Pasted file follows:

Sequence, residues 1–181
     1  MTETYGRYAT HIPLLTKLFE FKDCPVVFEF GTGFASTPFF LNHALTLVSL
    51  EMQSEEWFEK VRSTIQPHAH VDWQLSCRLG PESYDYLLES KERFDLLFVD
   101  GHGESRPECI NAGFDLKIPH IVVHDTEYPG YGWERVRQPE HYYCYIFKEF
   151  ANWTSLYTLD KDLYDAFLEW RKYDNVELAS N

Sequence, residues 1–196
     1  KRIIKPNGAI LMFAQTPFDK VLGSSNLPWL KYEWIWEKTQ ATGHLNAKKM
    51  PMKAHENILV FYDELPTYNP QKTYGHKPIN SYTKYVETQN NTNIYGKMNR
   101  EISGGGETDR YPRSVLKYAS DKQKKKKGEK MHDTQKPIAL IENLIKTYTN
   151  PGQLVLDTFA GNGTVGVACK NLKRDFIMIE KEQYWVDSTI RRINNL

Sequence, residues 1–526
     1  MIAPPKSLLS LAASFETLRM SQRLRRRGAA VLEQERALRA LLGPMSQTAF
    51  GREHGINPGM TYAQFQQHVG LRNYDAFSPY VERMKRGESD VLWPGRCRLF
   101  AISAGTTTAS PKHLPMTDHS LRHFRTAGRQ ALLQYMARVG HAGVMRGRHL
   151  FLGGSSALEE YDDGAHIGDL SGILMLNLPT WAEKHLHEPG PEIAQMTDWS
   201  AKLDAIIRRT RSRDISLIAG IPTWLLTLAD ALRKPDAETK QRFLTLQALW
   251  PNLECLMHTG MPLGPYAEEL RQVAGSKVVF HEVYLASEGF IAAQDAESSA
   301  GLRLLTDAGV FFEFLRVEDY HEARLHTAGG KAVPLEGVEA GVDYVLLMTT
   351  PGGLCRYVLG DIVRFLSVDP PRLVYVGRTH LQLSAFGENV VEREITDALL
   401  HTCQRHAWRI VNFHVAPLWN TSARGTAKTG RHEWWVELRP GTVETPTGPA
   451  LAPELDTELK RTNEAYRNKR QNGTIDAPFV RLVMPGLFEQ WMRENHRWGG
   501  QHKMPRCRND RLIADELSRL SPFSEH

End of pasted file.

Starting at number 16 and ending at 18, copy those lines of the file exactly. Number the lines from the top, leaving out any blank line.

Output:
   201  AKLDAIIRRT RSRDISLIAG IPTWLLTLAD ALRKPDAETK QRFLTLQALW
   251  PNLECLMHTG MPLGPYAEEL RQVAGSKVVF HEVYLASEGF IAAQDAESSA
   301  GLRLLTDAGV FFEFLRVEDY HEARLHTAGG KAVPLEGVEA GVDYVLLMTT